MS. D: So you’re Dennis, huh? I’ve just got to say this, right up front and right now (God, I’m so tired of this shit); you don’t look anything like your online picture. What the fuck—the waiter looks more like this picture than you do! Wait a minute. . .is that it, did you submit the waiter’s picture for your profile?
MR. NEBBISH: Um, no . . . it’s mine. Ha, ha . . . don’t get bent out of shape over a silly picture. I mean what’s a picture compared to a heart? At least I wasn’t crass and I didn’t send you a photo of my “little Dennis” (if you know what I mean) like some stories I’ve heard about online—right? I mean, no, I didn’t mean to say that; I mean, yes . . . I mean maybe my waiter friend helped me out just a little and loaned me one of his photos. . . Oy!
As “Dennis” tried to present his decimated rose to compensate for the awkward “little Dennis” joke and his pathetic life, he inadvertently knocked his glass of red wine all over the table. And as I watched the back of the woman’s neck turn beet red as she sat down across from her buyer’s remorse, I frantically searched for anything to write with to help hapless Dennis salvage his date (it turned out my lip liner would have to do). The woman’s back was to me, but I could see the man’s face without a problem and he could see mine. I heard nose-diving snippets of one-liners from Mr. Nebbish accompanied by the high-pitched laughter of a hyena as his friend, the waiter, tried to rush in menus and sop up wine to help out the situation, while Mr. Nebbish’s nerves and the pitch of his voice became more strained: “Ha, ha, you are just like my twelve-year-old daughter—she gets a little potty mouth when she can’t have her own way—you better sit down ‘little girl’ (ha, ha, ha)!” At that point I held up my frantically scrawled napkin sign for the nebbish that screamed, “Abort, abort . . . DROP THE KID ANALOGY—it’s too soon,” but Mr. Nebbish ignored me and heroically forged on with his rehearsed death march, “I thought we’d start with a bottle of bubbly, and then move on down the road to my favorite gourmet restaurant (Chipotle) for a romantic dinner.” At that point, WW went to the men’s room (either to really do his business or escape my embarrassing, busybody antics), and I grabbed WW’s napkin and scrawled another sign, “No, no dude—can’t you see she’s just not into you—ABORT, ABORT—save your pride—save your balls!!”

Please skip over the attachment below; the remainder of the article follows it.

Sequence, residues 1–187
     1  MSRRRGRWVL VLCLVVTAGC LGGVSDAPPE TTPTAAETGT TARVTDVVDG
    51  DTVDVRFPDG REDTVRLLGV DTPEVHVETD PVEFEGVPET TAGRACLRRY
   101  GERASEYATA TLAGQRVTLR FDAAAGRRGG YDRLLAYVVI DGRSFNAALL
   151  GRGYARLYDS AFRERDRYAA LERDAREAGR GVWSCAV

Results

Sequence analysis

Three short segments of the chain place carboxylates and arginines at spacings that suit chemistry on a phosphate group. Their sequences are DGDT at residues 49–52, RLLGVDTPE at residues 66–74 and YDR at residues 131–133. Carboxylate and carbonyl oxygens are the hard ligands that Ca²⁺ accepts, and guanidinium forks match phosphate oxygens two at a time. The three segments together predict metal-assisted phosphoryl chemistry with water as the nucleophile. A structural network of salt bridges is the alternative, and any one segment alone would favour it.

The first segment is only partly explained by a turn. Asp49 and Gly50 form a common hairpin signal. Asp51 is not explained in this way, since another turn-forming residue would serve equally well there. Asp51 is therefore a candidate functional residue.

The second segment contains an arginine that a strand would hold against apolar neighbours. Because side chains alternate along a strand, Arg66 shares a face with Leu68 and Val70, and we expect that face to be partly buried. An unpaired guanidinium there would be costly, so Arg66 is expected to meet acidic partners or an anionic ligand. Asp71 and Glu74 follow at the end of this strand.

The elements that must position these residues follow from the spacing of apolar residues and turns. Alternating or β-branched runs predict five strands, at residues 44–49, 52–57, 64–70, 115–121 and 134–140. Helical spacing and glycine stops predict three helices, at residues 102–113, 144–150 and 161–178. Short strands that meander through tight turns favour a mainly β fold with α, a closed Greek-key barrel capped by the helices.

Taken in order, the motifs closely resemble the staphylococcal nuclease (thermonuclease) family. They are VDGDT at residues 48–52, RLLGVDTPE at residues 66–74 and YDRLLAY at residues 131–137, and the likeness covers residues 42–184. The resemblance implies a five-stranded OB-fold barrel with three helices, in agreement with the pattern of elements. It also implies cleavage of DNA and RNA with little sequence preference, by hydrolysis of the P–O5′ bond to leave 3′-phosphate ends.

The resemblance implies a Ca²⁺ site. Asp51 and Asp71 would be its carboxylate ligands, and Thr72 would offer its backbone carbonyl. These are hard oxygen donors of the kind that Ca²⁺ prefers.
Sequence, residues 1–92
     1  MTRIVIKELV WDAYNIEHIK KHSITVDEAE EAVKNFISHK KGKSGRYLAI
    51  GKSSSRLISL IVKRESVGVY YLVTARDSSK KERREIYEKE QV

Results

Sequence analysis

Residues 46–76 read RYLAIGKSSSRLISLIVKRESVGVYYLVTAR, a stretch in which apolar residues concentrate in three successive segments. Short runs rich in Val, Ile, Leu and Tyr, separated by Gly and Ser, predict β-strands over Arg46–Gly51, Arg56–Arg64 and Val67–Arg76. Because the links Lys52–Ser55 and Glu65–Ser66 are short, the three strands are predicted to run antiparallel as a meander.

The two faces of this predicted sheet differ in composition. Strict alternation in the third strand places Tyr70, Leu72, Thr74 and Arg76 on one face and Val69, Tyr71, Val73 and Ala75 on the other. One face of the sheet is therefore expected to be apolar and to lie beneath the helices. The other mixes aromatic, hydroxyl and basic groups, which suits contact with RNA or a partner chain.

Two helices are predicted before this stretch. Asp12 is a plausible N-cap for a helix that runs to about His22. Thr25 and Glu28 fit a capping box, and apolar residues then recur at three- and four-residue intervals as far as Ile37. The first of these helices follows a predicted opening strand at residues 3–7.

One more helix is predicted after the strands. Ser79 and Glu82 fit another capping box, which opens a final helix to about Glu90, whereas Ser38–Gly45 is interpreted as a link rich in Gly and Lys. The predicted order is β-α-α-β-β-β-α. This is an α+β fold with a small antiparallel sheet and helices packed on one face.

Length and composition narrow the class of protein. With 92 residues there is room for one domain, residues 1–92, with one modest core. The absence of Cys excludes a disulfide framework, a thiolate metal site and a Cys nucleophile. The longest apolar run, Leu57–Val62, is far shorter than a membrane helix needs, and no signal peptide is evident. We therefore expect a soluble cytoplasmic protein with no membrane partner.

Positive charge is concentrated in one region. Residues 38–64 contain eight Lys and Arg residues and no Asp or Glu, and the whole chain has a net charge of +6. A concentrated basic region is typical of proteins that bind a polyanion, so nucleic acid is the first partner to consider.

When Dennis started throwing out more desperate lines like, “I rode in on my Harley” (sure you did, Dennis!) and “Maybe I could bring my daughter next time” (Oh, Dude, there will be no next time!), I saw Ms. Dominatrix excuse herself to go to the restroom all the while proclaiming she wasn’t blowing Dennis off, and that she’d be right back. As she left with her coat and purse (that’s a sign, nebbish-man, for the next time—nobody takes their coat and purse to the restroom unless they are leaving), I shook my head in devastation for Dennis and mouthed the words, “she’s not coming back, Dude—I’m so sorry!”
A Chuck Ingwersen Cartoon
After the angry Dominatrix stormed off into the blue, and the dejected Dennis rode off into the sunset, WW and I talked about what we had witnessed for the rest of the evening as we cuddled and sipped champagne on our couch while a romantic comedy streamed across the TV in the background. We had met some forty years ago, five years after the landmark civil rights case of Loving vs. Virginia that made it possible for interracial couples to marry without being in violation of the law and being thrown in jail for disobeying that law—especially in Virginia, the state where we currently live.
ME: Honey, do you think we would have ever met if we had to rely on a dating site?
WW: No! You weren’t into “white men” in your radical 60s, remember, so you would have never checked “open to dating all races” even if it had been legal and socially acceptable. What was that famous line of yours: “There ain’t nothin’ no white man can do for me!”
ME: Well, you wouldn’t have checked the box that said “I’m into hot black chicks,” either. The only black person that you ever remotely knew was the mailman and only because your dog, Trixie, used to chase him down the street and try to bite a hole in his ass. That damn family dog of yours never chased anybody else except the black mailman. I can’t tell you how relieved I was when your mother wrote and told us that racist dog of theirs had died.